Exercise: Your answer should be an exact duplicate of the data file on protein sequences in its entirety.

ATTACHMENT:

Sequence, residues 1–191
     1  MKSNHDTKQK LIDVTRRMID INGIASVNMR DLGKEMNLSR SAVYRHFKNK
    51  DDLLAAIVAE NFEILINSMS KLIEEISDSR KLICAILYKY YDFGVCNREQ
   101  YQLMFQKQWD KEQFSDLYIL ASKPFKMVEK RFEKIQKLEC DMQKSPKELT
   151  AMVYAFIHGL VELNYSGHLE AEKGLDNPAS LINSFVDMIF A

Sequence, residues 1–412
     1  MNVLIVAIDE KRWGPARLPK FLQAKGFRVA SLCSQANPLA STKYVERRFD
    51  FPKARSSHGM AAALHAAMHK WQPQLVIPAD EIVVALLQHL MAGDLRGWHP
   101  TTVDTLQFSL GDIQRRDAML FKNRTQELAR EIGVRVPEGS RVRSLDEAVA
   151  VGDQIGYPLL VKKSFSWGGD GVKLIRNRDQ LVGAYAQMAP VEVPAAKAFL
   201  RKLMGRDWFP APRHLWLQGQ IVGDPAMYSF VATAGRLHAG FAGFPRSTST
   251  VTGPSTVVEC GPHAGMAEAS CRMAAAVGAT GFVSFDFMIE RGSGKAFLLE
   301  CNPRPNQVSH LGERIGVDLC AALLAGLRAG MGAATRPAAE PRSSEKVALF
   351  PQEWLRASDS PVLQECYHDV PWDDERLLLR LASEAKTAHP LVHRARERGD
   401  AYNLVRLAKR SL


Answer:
Sequence, residues 1–191
     1  MKSNHDTKQK LIDVTRRMID INGIASVNMR DLGKEMNLSR SAVYRHFKNK
    51  DDLLAAIVAE NFEILINSMS KLIEEISDSR KLICAILYKY YDFGVCNREQ
   101  YQLMFQKQWD KEQFSDLYIL ASKPFKMVEK RFEKIQKLEC DMQKSPKELT
   151  AMVYAFIHGL VELNYSGHLE AEKGLDNPAS LINSFVDMIF A

Sequence, residues 1–412
     1  MNVLIVAIDE KRWGPARLPK FLQAKGFRVA SLCSQANPLA STKYVERRFD
    51  FPKARSSHGM AAALHAAMHK WQPQLVIPAD EIVVALLQHL MAGDLRGWHP
   101  TTVDTLQFSL GDIQRRDAML FKNRTQELAR EIGVRVPEGS RVRSLDEAVA
   151  VGDQIGYPLL VKKSFSWGGD GVKLIRNRDQ LVGAYAQMAP VEVPAAKAFL
   201  RKLMGRDWFP APRHLWLQGQ IVGDPAMYSF VATAGRLHAG FAGFPRSTST
   251  VTGPSTVVEC GPHAGMAEAS CRMAAAVGAT GFVSFDFMIE RGSGKAFLLE
   301  CNPRPNQVSH LGERIGVDLC AALLAGLRAG MGAATRPAAE PRSSEKVALF
   351  PQEWLRASDS PVLQECYHDV PWDDERLLLR LASEAKTAHP LVHRARERGD
   401  AYNLVRLAKR SL